Then, there is the issue of Bassett’s apparent loathing toward Michael Joseph Savage (Labour’s First Prime Minister), who Bassett portrays as a person of exceptionally limited ability and intellect, who loved adoration to the extent that he allowed his colleagues, namely Fraser, to take the blame for misjudgements and unpopular decisions and seldom showed them any loyalty. The problem with this description is, as Gustafson makes clear in his biography of Savage, that it is simply not accurate. However, Bassett is even more scathing about Robert (Bob) Semple, who he describes as a ‘vainglorious windbag.’

Bassett also obviously feels the need to justify his increasingly right wing behaviour and political outlook, especially as a Minister in ‘that Labour Government’ during the 1980s, as littered throughout the book are ‘snide’ comments in relation to the foolishness of the economic and social policies of the First Labour Government. Obviously, it was a novel experience for Bassett to learn about politicians who actually thought that people needed to be listened to, respected and treated with honesty – the First Labour Government actually delivered on its manifesto commitments. (Sorry, that was my snide comment).

Lastly, there is the sentence structure and proof reading. Like most people, I’ve sped through sentence construction, misspelling the occasional word and placing commas in places where they should not be placed. However, there are a number of sentences which I was forced to reread several times as they were simply not comprehensible on the first reading.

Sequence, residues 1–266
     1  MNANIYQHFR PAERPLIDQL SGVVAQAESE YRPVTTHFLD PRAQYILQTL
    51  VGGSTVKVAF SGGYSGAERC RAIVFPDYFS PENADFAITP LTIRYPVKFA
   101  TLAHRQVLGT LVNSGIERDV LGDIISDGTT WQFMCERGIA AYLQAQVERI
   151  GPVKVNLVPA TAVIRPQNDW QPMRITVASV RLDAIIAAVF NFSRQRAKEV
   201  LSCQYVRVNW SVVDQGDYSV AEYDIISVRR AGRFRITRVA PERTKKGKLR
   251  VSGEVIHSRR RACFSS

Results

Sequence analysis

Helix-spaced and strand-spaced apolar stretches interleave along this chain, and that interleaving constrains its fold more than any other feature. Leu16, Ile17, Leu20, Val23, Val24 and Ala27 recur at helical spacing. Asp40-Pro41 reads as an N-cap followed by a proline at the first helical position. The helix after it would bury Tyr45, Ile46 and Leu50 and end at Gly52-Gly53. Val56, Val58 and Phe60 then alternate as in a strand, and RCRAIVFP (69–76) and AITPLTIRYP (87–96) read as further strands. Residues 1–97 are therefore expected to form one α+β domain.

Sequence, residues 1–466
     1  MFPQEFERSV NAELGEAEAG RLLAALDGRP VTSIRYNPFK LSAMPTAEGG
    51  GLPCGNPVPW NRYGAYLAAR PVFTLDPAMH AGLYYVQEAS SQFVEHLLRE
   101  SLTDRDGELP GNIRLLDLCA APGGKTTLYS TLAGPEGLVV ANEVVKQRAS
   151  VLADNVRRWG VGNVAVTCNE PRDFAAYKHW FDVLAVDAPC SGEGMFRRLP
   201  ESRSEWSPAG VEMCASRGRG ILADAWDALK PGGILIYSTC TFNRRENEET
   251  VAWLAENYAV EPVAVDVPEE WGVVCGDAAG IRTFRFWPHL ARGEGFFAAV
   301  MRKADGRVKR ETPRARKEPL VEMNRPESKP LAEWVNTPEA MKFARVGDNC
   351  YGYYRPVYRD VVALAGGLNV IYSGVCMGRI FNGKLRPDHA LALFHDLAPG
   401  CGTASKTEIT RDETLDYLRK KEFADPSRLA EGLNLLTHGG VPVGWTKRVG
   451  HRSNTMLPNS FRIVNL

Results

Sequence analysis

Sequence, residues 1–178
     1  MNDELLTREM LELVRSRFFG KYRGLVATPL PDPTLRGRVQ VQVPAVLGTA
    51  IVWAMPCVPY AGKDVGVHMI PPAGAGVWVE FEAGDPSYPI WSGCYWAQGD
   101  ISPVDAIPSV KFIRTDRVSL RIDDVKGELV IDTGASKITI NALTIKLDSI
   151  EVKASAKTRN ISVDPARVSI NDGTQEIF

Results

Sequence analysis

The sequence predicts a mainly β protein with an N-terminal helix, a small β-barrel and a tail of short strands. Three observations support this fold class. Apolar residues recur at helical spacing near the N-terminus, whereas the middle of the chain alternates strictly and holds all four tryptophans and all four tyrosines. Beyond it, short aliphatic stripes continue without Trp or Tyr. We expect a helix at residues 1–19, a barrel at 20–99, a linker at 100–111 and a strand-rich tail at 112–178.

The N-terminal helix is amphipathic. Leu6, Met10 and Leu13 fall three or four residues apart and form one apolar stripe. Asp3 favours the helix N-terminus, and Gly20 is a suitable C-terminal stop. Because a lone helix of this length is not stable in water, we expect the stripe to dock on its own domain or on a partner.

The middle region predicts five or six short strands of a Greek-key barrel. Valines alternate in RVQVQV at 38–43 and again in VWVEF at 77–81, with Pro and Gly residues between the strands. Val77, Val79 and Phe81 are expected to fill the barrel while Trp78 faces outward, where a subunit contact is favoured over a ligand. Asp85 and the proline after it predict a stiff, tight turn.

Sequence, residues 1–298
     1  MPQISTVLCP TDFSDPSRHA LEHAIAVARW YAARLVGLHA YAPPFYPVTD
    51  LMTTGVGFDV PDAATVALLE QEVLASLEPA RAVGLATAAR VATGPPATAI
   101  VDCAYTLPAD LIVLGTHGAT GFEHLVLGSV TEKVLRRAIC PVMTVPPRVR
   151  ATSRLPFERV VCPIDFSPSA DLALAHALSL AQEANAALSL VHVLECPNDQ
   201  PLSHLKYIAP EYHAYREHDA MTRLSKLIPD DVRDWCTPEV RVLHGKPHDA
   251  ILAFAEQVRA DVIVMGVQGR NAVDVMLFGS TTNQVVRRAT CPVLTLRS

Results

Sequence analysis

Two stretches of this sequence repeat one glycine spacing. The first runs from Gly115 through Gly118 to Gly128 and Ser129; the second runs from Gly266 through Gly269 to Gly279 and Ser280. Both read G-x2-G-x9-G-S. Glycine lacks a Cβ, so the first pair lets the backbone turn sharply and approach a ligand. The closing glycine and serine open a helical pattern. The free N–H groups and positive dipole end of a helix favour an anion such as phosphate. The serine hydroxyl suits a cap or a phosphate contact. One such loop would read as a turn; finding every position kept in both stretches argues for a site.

It is a solid book, nonetheless, which presents Fraser more as a person and demonstrates his considerable abilities. However, it could have done with the added panache (and balance) of an historian like King.


At Wednesday, January 11, 2006, Blogger maps said...

Interesting - I haven't read the book yet myself.

I'm interested in the Lee-Fraser thing as well, especially as it relates to the economic crisis that developed around 1938, because of the inflation and debt Labour's increses in spending were creating.

Lee's suggestion that Labour simply write off its debts to the UK seemed to contrast with Nash's trip to London, cap in hand to borrow money, and Labour's apparent promise to limit new spending (ie refrain from any radical new policies) and back the UK to the hilt in any new war.

This division seemed to reflect itself in differences over wartime policy, too - ie over whether the NZ Divison should be brought home.

Does Bassett's book shed much light on this stuff? How serious a threat does he think Lee was?

At Thursday, January 12, 2006, Blogger Comrade_Tweek said...

Hi Maps, to answer your question, not really.

The events leading up to and the actual 1938 Exchange crisis(which were what prompted Lee to write the infamous ‘Lee Letter’ which was a strident criticism of Nash)are covered far more fully in Olssen’s book on Lee and Gustafson’s book on Savage or Sinclair’s book on Nash.

As a result of the crisis, Nash was forced to implement exchange controls, which had been Labour Party Policy since 1931 and were supported by the majority of the Labour caucus. Exchange controls had been bitterly opposed by Nash who was acting on the advice of the Reserve Bank and the Governor of the Bank of England. Again, Bassett does not really deal with this.

There is a far more fuller account of the war and Fraser’s decision to maintain the bulk of NZ’s armed forces in Europe. Indeed, this makes up sizable section of the book.

As for Lee, Bassett really skips over the first years of the First Labour Government (1935 - 40) in 1 and a half chapters. He does consider Lee a threat - though a short lived and incoherent one. He refers to Lee and the ‘mosquito’ caucus somewhat disparagingly as the ‘credit men’ and is personally scathing of a number of them such as Dr DG McMillan.

Let’s just say that I expected more.